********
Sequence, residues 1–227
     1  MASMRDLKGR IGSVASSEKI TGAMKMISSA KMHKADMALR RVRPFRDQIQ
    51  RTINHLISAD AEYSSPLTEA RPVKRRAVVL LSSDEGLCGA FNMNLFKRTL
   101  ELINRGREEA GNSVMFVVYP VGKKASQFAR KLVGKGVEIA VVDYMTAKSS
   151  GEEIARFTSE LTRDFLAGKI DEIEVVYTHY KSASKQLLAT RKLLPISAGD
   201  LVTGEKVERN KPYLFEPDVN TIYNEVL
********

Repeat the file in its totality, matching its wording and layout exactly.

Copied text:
Sequence, residues 1–227
     1  MASMRDLKGR IGSVASSEKI TGAMKMISSA KMHKADMALR RVRPFRDQIQ
    51  RTINHLISAD AEYSSPLTEA RPVKRRAVVL LSSDEGLCGA FNMNLFKRTL
   101  ELINRGREEA GNSVMFVVYP VGKKASQFAR KLVGKGVEIA VVDYMTAKSS
   151  GEEIARFTSE LTRDFLAGKI DEIEVVYTHY KSASKQLLAT RKLLPISAGD
   201  LVTGEKVERN KPYLFEPDVN TIYNEVL